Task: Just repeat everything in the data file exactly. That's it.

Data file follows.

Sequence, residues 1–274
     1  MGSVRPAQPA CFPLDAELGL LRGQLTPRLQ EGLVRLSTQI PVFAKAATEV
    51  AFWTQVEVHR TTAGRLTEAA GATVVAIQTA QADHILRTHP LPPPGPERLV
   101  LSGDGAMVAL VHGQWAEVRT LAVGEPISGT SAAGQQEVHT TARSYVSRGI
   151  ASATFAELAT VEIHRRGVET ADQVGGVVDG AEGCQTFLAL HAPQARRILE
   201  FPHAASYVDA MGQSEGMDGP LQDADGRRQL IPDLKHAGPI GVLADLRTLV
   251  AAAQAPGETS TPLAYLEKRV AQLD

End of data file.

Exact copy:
Sequence, residues 1–274
     1  MGSVRPAQPA CFPLDAELGL LRGQLTPRLQ EGLVRLSTQI PVFAKAATEV
    51  AFWTQVEVHR TTAGRLTEAA GATVVAIQTA QADHILRTHP LPPPGPERLV
   101  LSGDGAMVAL VHGQWAEVRT LAVGEPISGT SAAGQQEVHT TARSYVSRGI
   151  ASATFAELAT VEIHRRGVET ADQVGGVVDG AEGCQTFLAL HAPQARRILE
   201  FPHAASYVDA MGQSEGMDGP LQDADGRRQL IPDLKHAGPI GVLADLRTLV
   251  AAAQAPGETS TPLAYLEKRV AQLD